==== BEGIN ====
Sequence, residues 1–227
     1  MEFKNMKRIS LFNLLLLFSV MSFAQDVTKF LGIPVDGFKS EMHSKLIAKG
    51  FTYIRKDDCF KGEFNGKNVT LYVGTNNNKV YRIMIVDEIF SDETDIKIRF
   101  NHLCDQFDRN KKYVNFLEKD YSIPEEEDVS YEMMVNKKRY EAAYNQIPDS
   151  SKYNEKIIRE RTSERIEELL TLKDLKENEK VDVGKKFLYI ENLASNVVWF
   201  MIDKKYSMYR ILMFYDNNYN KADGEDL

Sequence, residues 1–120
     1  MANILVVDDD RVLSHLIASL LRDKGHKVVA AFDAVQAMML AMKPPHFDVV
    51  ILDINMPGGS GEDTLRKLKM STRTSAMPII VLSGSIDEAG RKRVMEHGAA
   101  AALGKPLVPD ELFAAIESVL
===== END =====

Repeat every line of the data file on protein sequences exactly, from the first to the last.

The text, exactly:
Sequence, residues 1–227
     1  MEFKNMKRIS LFNLLLLFSV MSFAQDVTKF LGIPVDGFKS EMHSKLIAKG
    51  FTYIRKDDCF KGEFNGKNVT LYVGTNNNKV YRIMIVDEIF SDETDIKIRF
   101  NHLCDQFDRN KKYVNFLEKD YSIPEEEDVS YEMMVNKKRY EAAYNQIPDS
   151  SKYNEKIIRE RTSERIEELL TLKDLKENEK VDVGKKFLYI ENLASNVVWF
   201  MIDKKYSMYR ILMFYDNNYN KADGEDL

Sequence, residues 1–120
     1  MANILVVDDD RVLSHLIASL LRDKGHKVVA AFDAVQAMML AMKPPHFDVV
    51  ILDINMPGGS GEDTLRKLKM STRTSAMPII VLSGSIDEAG RKRVMEHGAA
   101  AALGKPLVPD ELFAAIESVL